- Republican Gov. Larry Hogan said he would have voted to convict Trump if he were in the Senate.
- Hogan said that Trump’s fate would likely be decided over the next two years.
- “I think he’s still going to face the courts and the court of public opinion,” Hogan said.
- Visit the Business section of Insider for more stories.
Republican Gov. Larry Hogan of Maryland said on Sunday that he would have crossed party lines to convict former President Donald Trump in his second impeachment trial if he were a member of the Senate.
During an appearance on CNN’s “State of the Union,” Hogan was asked by host Jake Tapper if he would have voted to convict Trump.
“I would have,” he answered.
The effort to convict Trump for “incitement of insurrection” for his role in the January 6 Capitol riots fell short by a 57â€”43 margin. A conviction required two-thirds of the Senate, or 67 votes.
While all 50 Democrats voted to convict Trump, they were joined by 7 Republicans, including Sens. Susan Collins of Maine, Lisa Murkowski of Alaska, Mitt Romney of Utah, Ben Sasse of Nebraska, Bill Cassidy of Louisiana, Richard Burr of North Carolina, and Pat Toomey of Pennsylvania.
Maryland Gov. Larry Hogan says that former Pres. Trump could still face criminal charges: "This is not over and we’re going to decide over the next couple of years what the fate of Donald Trump and the Republican Party is." #CNNSOTU https://t.co/4RnLvtzIN3 pic.twitter.com/qDSMMFPc8n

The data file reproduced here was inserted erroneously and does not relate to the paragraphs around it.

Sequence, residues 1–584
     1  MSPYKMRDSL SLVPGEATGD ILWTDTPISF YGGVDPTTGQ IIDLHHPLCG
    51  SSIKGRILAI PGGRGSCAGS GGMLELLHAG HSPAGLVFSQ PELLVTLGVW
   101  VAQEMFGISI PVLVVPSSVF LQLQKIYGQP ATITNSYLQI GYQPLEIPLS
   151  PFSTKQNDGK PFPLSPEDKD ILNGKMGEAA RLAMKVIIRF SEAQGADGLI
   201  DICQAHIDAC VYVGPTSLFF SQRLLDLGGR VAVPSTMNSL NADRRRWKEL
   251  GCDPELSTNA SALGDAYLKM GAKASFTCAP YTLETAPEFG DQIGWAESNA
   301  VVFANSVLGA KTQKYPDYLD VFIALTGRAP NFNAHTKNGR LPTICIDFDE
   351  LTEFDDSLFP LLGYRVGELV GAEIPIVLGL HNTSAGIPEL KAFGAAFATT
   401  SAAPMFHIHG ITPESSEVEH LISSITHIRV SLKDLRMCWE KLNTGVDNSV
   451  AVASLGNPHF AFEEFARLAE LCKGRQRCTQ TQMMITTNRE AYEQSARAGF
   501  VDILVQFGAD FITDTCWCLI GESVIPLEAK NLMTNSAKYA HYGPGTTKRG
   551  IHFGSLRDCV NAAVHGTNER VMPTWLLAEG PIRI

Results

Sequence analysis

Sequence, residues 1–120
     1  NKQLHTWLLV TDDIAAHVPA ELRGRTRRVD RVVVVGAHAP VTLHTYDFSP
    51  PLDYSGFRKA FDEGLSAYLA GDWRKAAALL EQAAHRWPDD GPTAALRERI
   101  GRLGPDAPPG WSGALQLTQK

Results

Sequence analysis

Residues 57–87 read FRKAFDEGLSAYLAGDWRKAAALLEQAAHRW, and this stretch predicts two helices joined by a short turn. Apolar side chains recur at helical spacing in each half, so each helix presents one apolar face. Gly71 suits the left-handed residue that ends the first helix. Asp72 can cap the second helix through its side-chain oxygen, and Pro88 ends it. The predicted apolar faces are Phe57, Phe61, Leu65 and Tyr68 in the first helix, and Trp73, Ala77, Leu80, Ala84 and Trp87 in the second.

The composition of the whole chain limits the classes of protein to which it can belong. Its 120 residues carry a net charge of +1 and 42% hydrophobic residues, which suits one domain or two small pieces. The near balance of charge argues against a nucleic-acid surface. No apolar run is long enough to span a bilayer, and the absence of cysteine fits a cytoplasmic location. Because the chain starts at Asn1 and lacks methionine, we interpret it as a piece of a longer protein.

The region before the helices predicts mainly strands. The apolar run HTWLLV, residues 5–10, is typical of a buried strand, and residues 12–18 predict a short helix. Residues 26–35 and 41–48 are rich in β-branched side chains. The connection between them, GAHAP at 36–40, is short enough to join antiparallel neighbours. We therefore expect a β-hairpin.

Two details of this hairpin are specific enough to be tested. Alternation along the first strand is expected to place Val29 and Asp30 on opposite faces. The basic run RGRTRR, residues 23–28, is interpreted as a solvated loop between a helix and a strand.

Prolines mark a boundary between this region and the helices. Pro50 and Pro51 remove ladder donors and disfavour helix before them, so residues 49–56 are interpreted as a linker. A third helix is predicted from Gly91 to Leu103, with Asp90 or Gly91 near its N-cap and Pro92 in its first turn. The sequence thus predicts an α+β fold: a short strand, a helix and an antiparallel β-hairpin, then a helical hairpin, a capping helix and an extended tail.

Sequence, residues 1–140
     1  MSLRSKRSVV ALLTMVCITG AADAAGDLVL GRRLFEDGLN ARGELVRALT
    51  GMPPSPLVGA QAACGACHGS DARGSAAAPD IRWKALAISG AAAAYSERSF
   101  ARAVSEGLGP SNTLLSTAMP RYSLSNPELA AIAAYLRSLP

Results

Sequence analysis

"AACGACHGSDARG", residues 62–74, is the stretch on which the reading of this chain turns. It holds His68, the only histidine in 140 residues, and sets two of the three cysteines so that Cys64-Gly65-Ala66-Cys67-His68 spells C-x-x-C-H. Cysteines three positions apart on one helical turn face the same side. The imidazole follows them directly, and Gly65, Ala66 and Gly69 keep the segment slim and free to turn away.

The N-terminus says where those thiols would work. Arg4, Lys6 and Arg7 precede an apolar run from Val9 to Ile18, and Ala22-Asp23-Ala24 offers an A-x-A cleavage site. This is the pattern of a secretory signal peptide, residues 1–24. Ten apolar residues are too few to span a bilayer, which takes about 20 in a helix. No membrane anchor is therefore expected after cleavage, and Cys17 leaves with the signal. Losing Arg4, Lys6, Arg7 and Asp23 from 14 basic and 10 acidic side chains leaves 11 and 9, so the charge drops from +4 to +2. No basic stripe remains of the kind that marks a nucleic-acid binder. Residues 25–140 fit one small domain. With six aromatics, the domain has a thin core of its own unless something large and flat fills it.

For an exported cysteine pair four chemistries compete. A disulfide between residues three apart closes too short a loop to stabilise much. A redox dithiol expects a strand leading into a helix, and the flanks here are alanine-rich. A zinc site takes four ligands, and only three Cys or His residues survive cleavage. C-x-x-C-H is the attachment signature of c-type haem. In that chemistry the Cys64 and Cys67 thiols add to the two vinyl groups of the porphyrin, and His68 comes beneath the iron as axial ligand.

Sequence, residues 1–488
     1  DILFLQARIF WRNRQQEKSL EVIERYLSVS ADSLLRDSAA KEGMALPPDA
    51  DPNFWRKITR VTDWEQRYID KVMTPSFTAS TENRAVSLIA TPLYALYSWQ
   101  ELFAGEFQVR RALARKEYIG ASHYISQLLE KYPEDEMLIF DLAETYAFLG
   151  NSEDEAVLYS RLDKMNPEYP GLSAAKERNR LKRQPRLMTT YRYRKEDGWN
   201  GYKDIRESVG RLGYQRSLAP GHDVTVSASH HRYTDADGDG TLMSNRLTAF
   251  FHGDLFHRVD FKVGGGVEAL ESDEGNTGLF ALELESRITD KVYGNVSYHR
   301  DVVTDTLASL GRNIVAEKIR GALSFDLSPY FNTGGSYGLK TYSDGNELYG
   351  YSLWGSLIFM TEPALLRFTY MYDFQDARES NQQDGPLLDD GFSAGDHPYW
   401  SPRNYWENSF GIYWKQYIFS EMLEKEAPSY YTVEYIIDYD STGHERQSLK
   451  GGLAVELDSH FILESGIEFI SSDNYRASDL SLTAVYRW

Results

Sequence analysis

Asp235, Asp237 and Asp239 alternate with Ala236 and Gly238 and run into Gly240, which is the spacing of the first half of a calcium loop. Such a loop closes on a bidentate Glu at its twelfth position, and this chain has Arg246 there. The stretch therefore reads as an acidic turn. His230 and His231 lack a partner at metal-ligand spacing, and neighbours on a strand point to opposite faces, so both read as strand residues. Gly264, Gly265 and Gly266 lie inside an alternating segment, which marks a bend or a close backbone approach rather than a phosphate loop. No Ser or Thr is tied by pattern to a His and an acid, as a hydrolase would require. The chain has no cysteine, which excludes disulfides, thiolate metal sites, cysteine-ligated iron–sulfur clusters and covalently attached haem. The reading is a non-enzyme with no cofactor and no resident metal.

— CNN Politics (@CNNPolitics) February 14, 2021
Despite escaping a conviction yesterday, Hogan said that Trump’s fate would likely be decided over the next two years.
“There was yesterday’s vote, but there’s definitely a number of potential court cases, and I think he’s still going to face the courts and the court of public opinion,” he said.
For Hogan, a second-term governor in one of the most Democratic states in the nation, his words hearkened back to his father, the late Congressman Lawrence Hogan, who served in the House of Representatives from 1969 to 1975.
In July 1974, Congressman Hogan bucked his party and became the first House Republican to back impeachment efforts against then-President Richard Nixon, which the president later said was “a very bad blow” in fighting the three articles of impeachment connected to the Watergate scandal.
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